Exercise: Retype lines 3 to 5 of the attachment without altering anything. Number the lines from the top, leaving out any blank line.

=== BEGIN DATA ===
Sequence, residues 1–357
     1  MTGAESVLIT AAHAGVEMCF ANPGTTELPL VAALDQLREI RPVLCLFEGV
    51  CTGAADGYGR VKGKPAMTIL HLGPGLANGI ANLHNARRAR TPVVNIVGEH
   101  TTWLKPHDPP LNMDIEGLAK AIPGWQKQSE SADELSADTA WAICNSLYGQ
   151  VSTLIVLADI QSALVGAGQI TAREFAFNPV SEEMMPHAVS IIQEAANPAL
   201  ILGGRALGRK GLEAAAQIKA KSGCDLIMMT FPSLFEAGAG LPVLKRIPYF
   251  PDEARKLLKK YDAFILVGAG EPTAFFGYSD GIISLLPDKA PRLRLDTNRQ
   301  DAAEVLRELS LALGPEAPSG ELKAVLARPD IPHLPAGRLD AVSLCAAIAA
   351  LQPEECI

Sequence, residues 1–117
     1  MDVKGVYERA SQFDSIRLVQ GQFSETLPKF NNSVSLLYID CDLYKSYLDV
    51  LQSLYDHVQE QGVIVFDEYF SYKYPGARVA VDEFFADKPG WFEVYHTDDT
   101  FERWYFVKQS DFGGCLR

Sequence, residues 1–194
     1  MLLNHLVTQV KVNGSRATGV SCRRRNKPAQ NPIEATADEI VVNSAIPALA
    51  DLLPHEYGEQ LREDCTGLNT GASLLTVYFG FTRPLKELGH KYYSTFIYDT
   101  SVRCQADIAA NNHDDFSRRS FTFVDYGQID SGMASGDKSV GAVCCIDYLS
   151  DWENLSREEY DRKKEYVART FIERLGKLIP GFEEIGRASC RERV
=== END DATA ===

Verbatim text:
    51  CTGAADGYGR VKGKPAMTIL HLGPGLANGI ANLHNARRAR TPVVNIVGEH
   101  TTWLKPHDPP LNMDIEGLAK AIPGWQKQSE SADELSADTA WAICNSLYGQ
   151  VSTLIVLADI QSALVGAGQI TAREFAFNPV SEEMMPHAVS IIQEAANPAL